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In Solidarity With Ferguson, San Diego Protesters Shut Down 2 Freeways

November 26, 2014 by Frank Gormlie
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Over the course of about 12 hours, protesters in San Diego blocked two freeways in solidarity with people in Ferguson, Missouri, upset with the decision by the Grand Jury not to indict officer Darren Wilson in the fatal shooting of Michael Brown.

Last night, Tuesday, demonstrators in City Heights of San Diego moved down from University Avenue and blocked I-15 for a few minutes. Some arrests were made by police.

Then this morning, Wednesday, about 50 protesters from UCSD shut down I-5 northbound for about a half hour. No arrests were made in this action.

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University of California Campuses Explode As Students Protest Proposed Tuition Hike

November 19, 2014 by Frank Gormlie
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UPDATE: According to the LA Times:

A key UC regents committee moved Wednesday to hike tuition by as much as 28% over the next five years despite strong opposition from the governor, legislative leaders and students.

The regents committee on long-range planning approved the hike in a 7-2 vote after an unusual debate that pitted the state’s most powerful political leaders against administrators of the 10-campus UC system. The full Board of Regents is scheduled to vote Thursday on the proposed increase,

University of California campuses up and down the state exploded yesterday, Nov. 18th, as students protested a devastating tuition hike proposed by the UC administration.

Protests included a sit-in in front of the main library at UC San Diego – plus demonstrations at UC Berkeley, Irvine, Davis, LA.

DETAILS INSIDE, PLUS SUMMARY OF UC PROTESTS

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Stand with Indigenous Peoples, Stop the Pipelines

November 17, 2014 by Source

As so often happens, Native Americans are leading the fight to save the world.

Moccasins on the Ground workshop where participants are trained in the skills, tactics, and techniques of nonviolent direct action.By Will Falk / San Diego Free Press

While half of the world’s species are disappearing, while the remaining 48 hunter/gatherer societies are literally fighting for their survival, while 32 million acres of rainforest are cut down a year, and while three hundred tons of topsoil are lost a minute, we are again at war with those who would destroy the planet.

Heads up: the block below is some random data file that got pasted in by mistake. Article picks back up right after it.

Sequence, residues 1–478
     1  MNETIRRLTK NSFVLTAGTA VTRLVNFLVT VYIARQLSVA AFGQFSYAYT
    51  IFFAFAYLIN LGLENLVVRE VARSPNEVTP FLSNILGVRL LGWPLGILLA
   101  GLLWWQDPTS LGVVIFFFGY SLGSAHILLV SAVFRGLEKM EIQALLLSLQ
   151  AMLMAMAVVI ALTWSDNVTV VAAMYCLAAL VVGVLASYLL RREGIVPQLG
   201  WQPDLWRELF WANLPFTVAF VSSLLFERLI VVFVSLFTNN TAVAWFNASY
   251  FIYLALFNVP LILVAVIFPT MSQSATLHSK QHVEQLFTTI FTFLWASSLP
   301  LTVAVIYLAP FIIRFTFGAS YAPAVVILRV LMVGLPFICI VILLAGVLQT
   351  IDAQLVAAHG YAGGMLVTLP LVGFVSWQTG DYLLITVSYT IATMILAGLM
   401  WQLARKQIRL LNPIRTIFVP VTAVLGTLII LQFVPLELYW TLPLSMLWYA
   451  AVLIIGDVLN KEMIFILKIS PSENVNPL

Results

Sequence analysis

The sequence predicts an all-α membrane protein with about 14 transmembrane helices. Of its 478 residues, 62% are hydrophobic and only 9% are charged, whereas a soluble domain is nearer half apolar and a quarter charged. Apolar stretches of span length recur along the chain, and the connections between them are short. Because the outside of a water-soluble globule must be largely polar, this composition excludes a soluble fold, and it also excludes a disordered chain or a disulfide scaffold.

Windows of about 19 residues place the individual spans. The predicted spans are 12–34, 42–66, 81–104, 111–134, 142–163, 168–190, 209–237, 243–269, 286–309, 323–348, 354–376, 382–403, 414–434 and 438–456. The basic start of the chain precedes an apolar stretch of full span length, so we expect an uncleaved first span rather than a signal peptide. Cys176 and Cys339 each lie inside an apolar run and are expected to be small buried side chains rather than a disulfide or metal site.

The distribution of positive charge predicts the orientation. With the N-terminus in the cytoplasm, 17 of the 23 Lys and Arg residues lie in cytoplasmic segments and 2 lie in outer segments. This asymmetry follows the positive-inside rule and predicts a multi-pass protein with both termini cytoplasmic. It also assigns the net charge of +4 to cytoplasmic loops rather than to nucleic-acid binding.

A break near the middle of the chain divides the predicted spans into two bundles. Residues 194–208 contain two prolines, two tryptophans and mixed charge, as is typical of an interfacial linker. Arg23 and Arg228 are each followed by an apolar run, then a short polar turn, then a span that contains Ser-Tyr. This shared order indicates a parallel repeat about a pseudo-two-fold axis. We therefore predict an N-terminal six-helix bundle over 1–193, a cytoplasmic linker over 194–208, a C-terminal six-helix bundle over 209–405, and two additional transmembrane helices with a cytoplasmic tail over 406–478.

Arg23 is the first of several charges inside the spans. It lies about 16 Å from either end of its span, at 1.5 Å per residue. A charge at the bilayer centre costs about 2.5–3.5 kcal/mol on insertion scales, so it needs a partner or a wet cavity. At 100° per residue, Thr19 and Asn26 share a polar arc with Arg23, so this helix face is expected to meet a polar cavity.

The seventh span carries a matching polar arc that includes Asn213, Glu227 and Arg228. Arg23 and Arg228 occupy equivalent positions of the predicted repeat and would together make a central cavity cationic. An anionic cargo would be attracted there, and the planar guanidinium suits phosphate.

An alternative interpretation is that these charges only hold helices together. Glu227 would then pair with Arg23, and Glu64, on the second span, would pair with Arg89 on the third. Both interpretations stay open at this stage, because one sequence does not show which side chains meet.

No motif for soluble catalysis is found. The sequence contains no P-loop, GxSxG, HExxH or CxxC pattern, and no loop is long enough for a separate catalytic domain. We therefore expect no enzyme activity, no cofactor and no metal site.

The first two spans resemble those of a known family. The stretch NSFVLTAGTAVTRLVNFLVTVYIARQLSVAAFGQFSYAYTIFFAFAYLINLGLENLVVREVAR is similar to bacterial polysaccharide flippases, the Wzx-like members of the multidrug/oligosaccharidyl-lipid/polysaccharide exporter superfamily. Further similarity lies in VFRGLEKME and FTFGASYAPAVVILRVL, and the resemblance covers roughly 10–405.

There have been many wars fought on behalf of our life-giving land in North America. The overwhelming majority of those killed in defense of the land have come from peoples like the Sioux, the Cheyenne, the Nez Perce, the Sauk, and the Apache. Native Americans have long stood in the way of this destructive culture.

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EYEWITNESS ACCOUNTS – Oct. 2, 1968: `A brutal massacre’ & U.S. Government’s Role

October 2, 2014 by Staff
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by Malcolm Beith / The News

Clouds loomed as night closed in. By the hundreds, the students streamed into the Plaza de las Tres Culturas. A little past 5:30 p.m., some 10,000 students – not to mention hundreds of workers, farmers and others attending in solidarity – had gathered in the square. Rain splattered down.

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Fifty Years Later: Who Really Won the Battle of Berkeley?

October 1, 2014 by Staff

As student activists return to campus to celebrate the 1964 Free Speech movement that galvanized for social justice, big questions remain about the direction of higher education since those radical days of upheaval and hope

mario-free-speechBy Barbara Garson / Common Dreams

I’m going back to the Berkeley campus this week for the fiftieth reunion of the Free Speech Movement. You may have heard in some history class about Mario Savio and the first student sit-in of the sixties. That was us FSMers at Berkeley.

It will feel a bit surreal. The university that had 801 of us arrested is welcoming us back by hanging Free Speech banners on the building we occupied. Home like a victorious football team! But it’s not a real victory because …

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Staving Off Traffic Jams Along the Information Super-Highway

September 9, 2014 by Source

Every major consumer group, a nationwide coalition of mayors, and thousands of startups and small businesses have joined millions of people in urging the FCC to save Net Neutrality.

By Timothy Karr / OtherWords

Sinistra Ecologia Libertà/Flickr

There was no vacation for the Internet this summer.

While many Americans slipped away to the beach, Internet users were busy defending the openness of a network that has become this era’s engine for free expression, ingenuity and just about everything else.